-Paula Reynolds, CEO of Belfast Charitable Society.



Media Spokespersons: Paula Reynolds, Chief Executive of Belfast Charitable Society. To arrange interview, please contact 07788146251.

Notes to Editor


Belfast Charitable Society

The Society was founded in 1752 to help those in poverty; it built a Poor House and first infirmary in Belfast. 265 years later it still works to tackle disadvantage by encouraging philanthropy, through direct intervention and collaborative working for the benefit of the community. It promotes and protects its vast heritage and provides high quality care for older people.  www.belfastcharitablesociety.com


Established in 2001, UCIT is a registered charity which provides loan support to a broad range of third sector organisations including sports clubs, community associations, charities, green energy, enterprise agencies, faith-based organisations, social housing schemes and the arts.

UCIT has supported in excess of 600 organisations with loan commitments totalling over £90 million. In many (perhaps most) instances projects would not have been possible without the flexible, but professional approach adopted by the Trust in its lending.  All profits generated by UCIT are retained and recycled for the benefit of its clients.

UCIT provides affordable, flexible, loan support ranging from £1,000 to £500,000 plus.  It can also provide small unsecured loans through the Building Better Futures Loan Fund which has been developed in conjunction with Belfast Charitable Society & Building Change Trust.

UCIT also manages the Northern Ireland Small Business Loan Fund on behalf of Invest Northern Ireland. www.ucitltd.com / YouTube / Twitter: @UCIT_Ltd

About the Halifax Foundation

The Halifax Foundation for Northern Ireland is one of four independent grant-making trusts, covering England & Wales, Scotland, Northern Ireland and the Channel Islands. They are shareholders in Lloyds Banking Group and together receive 0.5% of the Group’s pre-tax profits. The Foundation is independent of the Group. Its policies are determined by a Board of Trustees.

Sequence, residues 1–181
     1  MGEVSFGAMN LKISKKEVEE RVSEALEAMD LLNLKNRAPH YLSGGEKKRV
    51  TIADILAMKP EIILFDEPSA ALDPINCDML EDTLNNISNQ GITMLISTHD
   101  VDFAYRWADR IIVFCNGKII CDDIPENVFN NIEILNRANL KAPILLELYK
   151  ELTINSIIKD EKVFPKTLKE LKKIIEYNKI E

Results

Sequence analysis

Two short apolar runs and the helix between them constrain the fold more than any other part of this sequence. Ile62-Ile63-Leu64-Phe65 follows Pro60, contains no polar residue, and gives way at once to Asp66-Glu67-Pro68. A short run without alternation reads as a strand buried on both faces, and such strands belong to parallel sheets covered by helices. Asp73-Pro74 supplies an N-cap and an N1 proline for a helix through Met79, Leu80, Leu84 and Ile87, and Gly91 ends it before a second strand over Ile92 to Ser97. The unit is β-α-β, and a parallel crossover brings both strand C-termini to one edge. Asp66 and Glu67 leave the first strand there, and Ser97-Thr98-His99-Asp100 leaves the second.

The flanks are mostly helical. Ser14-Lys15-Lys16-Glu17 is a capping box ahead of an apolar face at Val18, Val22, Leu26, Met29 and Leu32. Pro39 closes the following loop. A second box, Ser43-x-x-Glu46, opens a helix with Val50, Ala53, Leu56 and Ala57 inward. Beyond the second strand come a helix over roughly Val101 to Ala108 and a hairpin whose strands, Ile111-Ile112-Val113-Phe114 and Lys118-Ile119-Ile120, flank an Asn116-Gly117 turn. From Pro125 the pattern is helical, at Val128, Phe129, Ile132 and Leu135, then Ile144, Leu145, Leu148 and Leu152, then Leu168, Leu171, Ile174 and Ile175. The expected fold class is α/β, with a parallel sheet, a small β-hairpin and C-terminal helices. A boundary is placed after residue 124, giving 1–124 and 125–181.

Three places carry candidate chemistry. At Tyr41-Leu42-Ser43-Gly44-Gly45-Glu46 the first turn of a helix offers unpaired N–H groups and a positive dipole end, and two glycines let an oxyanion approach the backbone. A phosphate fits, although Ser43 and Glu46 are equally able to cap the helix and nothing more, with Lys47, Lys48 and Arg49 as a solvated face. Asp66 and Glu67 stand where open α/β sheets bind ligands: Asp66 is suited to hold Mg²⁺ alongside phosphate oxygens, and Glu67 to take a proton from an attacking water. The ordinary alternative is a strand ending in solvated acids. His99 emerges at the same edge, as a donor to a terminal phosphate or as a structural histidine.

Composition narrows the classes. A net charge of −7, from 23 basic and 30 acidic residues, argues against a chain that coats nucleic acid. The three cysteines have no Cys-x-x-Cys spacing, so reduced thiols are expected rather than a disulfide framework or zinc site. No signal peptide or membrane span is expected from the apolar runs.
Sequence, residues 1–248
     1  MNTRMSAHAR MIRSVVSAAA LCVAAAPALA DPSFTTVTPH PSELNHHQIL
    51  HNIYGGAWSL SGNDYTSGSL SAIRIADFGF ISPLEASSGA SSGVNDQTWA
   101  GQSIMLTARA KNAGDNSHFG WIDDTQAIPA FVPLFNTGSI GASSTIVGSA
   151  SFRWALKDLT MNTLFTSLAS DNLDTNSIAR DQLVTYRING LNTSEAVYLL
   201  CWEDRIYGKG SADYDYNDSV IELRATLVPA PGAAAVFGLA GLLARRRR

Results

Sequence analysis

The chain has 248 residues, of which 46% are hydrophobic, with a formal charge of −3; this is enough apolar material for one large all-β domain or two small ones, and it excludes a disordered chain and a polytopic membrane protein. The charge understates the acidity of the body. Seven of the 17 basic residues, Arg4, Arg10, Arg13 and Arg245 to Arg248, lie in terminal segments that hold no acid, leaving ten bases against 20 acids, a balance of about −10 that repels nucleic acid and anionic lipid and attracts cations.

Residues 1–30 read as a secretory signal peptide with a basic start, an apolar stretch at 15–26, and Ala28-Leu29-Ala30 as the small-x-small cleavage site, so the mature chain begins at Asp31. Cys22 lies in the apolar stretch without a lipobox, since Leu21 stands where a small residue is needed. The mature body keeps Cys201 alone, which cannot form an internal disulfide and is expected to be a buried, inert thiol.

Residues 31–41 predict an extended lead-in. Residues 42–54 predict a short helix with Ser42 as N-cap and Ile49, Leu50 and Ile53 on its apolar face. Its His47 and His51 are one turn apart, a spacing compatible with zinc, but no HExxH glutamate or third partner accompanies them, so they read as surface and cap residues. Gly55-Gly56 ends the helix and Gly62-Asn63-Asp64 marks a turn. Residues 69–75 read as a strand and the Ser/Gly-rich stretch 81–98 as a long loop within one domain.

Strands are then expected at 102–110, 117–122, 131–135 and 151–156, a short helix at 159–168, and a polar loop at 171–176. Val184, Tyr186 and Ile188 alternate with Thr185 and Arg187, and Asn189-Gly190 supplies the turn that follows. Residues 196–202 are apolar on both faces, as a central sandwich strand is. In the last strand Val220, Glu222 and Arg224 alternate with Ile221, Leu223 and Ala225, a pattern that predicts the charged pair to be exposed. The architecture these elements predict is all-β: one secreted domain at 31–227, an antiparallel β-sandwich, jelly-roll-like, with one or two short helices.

The Halifax Foundation for Northern Ireland is committed to supporting underfunded, grassroots charities that enable people, especially disabled and disadvantaged people, to play a fuller role in society.

About University of Ulster

As Northern Ireland’s civic university, Ulster University is grounded in the heart of the community and strives to make a lasting contribution to society as a whole. Renowned for its world-class teaching, Ulster aims to transform lives, stretch minds and develop the skills required by a growing economy. The outcomes of our research have global significance with local relevance, and contribute to the social, economic and cultural betterment of our region.

Ulster University is proudly supporting this project with financial support from Santander Universities.

About The National Lottery Community Fund

The National Lottery Community Fund is the largest community funder in the UK – we’re proud to award money raised by National Lottery players to communities across England, Scotland, Wales and Northern Ireland. Since June 2004, we have made over 200,000 grants and awarded over £9 billion to projects that have benefited millions of people. We are passionate about funding great ideas that matter to communities and make a difference to people’s lives. At the heart of everything we do is the belief that when people are in the lead, communities thrive. Thanks to the support of National Lottery players, our funding is open to everyone. We’re privileged to be able to work with the smallest of local groups right up to UK-wide charities, enabling people and communities to bring their ambitions to life.